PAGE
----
Platinum Jubilee: Dunfermline estate agent looks back on property market over Queen’s 70 year reign
A DUNFERMLINE-BASED estate agent has reflected on the changes in the property market in the light of the forthcoming Queen’s Platinum Jubilee.
Local solicitors and estate agents maloco + associates have been looking back on the industry over the past seven decades with director Michael Maloco welcoming many changes which have taken place.
“Having had a number conversations recently about how much society has changed in the last 70 years, we thought it would be interesting to look at the facts and figures as relate to one of the core areas of our business, namely the property market,” he said.
“House prices, interior design choices, homeowner aspirations and the demographics of the property market can all be a useful barometer of the nation’s economic health and provide a window onto societal trends.
“So how has the property market changed over the last 70 years? Well, for one thing, the fifties were the first time many people enjoyed an indoor toilet, be that as a new homeowner or as a council tenant.”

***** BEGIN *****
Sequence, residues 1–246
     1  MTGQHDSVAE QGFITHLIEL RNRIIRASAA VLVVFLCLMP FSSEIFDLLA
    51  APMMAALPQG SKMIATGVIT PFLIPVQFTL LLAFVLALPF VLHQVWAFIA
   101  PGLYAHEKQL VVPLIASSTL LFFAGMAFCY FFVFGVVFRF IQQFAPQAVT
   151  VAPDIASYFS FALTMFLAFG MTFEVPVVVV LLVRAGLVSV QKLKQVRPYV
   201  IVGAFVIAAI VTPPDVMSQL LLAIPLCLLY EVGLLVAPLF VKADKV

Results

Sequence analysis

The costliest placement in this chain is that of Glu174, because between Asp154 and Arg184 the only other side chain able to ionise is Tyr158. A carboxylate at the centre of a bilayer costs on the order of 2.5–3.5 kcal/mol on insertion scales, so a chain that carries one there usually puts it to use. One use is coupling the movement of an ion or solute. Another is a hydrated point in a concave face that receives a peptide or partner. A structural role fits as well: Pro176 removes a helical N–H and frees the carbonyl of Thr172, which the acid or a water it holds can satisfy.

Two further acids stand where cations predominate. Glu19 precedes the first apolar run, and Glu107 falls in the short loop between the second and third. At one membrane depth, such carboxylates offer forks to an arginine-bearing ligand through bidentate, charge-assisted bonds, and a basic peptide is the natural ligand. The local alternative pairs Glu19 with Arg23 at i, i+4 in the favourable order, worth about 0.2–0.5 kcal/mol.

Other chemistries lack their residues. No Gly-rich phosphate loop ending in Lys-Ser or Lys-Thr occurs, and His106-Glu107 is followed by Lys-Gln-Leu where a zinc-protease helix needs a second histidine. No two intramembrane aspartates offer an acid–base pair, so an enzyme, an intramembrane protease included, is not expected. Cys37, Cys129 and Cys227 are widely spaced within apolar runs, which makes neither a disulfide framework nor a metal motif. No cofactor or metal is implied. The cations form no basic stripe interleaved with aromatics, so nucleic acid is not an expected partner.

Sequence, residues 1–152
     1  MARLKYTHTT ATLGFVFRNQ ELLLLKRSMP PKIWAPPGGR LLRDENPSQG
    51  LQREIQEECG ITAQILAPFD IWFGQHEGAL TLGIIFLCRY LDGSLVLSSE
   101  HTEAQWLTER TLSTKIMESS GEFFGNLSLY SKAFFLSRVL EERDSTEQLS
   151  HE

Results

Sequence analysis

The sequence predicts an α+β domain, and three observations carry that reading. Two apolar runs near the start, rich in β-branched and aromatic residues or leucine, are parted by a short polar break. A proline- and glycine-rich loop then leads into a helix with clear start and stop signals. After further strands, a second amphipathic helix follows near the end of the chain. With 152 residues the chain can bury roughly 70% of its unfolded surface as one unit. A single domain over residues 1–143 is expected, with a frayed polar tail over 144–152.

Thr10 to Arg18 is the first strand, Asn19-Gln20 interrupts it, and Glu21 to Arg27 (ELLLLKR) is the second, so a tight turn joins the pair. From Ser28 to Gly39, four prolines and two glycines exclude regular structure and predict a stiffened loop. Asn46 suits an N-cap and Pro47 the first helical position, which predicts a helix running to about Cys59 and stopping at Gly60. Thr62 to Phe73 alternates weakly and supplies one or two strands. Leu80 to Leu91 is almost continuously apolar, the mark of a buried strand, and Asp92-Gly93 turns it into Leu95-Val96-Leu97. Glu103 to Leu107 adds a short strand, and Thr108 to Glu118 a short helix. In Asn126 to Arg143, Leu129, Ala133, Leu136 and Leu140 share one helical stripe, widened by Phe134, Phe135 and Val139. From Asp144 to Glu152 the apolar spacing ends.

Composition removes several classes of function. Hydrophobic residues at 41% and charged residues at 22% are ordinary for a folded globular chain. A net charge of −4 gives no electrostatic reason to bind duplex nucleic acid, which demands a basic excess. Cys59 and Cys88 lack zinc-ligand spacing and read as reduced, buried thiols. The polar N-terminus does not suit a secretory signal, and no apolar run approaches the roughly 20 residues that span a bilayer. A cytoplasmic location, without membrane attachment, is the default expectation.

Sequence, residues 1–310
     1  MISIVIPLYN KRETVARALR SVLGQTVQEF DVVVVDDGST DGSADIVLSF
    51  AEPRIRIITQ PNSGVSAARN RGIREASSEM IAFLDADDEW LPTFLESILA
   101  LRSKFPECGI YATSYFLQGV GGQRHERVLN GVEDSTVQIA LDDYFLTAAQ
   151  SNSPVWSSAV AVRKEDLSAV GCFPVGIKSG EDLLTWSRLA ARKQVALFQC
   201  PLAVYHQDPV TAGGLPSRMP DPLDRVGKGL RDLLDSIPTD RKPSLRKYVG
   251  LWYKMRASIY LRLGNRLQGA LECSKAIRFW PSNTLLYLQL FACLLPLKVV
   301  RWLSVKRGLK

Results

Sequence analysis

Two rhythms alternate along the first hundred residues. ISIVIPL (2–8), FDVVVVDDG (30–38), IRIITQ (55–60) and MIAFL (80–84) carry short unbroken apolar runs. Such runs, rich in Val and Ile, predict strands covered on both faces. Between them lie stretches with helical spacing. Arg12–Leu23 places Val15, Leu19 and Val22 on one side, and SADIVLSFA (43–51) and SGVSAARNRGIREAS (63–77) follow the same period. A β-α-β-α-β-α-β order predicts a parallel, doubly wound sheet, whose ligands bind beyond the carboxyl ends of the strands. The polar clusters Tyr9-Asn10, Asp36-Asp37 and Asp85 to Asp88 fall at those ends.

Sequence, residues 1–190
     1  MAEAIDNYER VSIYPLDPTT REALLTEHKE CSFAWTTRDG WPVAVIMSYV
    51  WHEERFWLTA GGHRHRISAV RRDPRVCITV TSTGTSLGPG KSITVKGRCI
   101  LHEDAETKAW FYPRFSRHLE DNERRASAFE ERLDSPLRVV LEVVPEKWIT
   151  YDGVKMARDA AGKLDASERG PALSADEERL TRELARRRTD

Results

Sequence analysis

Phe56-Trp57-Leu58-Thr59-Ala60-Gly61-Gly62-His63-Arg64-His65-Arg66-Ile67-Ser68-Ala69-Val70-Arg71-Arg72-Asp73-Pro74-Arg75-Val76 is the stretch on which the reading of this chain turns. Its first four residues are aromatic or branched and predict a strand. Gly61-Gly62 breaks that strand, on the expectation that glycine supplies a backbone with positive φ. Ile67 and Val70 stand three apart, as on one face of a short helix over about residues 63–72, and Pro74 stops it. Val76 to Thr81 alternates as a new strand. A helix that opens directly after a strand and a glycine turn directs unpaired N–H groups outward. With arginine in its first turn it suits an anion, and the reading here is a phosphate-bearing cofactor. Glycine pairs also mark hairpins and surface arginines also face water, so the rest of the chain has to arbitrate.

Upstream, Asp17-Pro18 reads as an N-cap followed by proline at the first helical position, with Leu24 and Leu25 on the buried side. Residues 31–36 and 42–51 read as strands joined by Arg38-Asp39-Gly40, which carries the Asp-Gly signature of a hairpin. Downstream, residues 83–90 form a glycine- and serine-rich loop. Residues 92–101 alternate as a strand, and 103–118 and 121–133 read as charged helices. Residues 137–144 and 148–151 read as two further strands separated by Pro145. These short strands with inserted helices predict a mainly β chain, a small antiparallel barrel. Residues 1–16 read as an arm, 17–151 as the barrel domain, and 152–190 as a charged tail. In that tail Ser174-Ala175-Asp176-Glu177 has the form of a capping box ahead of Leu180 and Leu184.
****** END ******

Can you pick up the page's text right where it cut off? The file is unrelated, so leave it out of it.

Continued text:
The firm’s senior valuer, Kieran Newman, said housebuilding at the time of the Coronation was “at breakneck speed”.
“Just seven years after the end of the Second World War, slums and bomb-damaged properties were being demolished and, by the end of the fifties, over two million new homes had been built,” he commented.
“One of the most noticeable things about this, over and above the actual number, is that two-thirds of these were new local authority homes. Thirty years later, that fifties boom in local authority housing fuelled Margaret Thatcher’s flagship policy of Right to Buy and in many ways helped change the face of home ownership in the UK.
“In Scotland alone, half a million council tenants bought their homes, significantly swelling the number of homeowners. In 1952, two-thirds of people rented their home. Today, almost two-thirds of people own their home. For better or for worse and whether or not one agrees with the politics or the philosophy, we are today in many ways the home-owning democracy the 1980s Conservatives championed and the roots of this can be traced back to the years around the Coronation.”
Maloco + associates’ research shows that in 1952, the average house price in Dunfermline was around £1,500. The workplace was still a male-dominated arena and the average salary for a man was between £8 and £9 per week and just £5 for a woman.
“That expressed as a multiple of average household income means those who bought a house in 1952 paid around three-to-four times their annual household income,” added Mr Maloco. “Today, that figure is closer to seven times’ annual salary. In 1952, the average age of a first-time buyer was 27. Today, nationally, it’s 34 although it is closer to the 1952 figure here in Dunfermline.”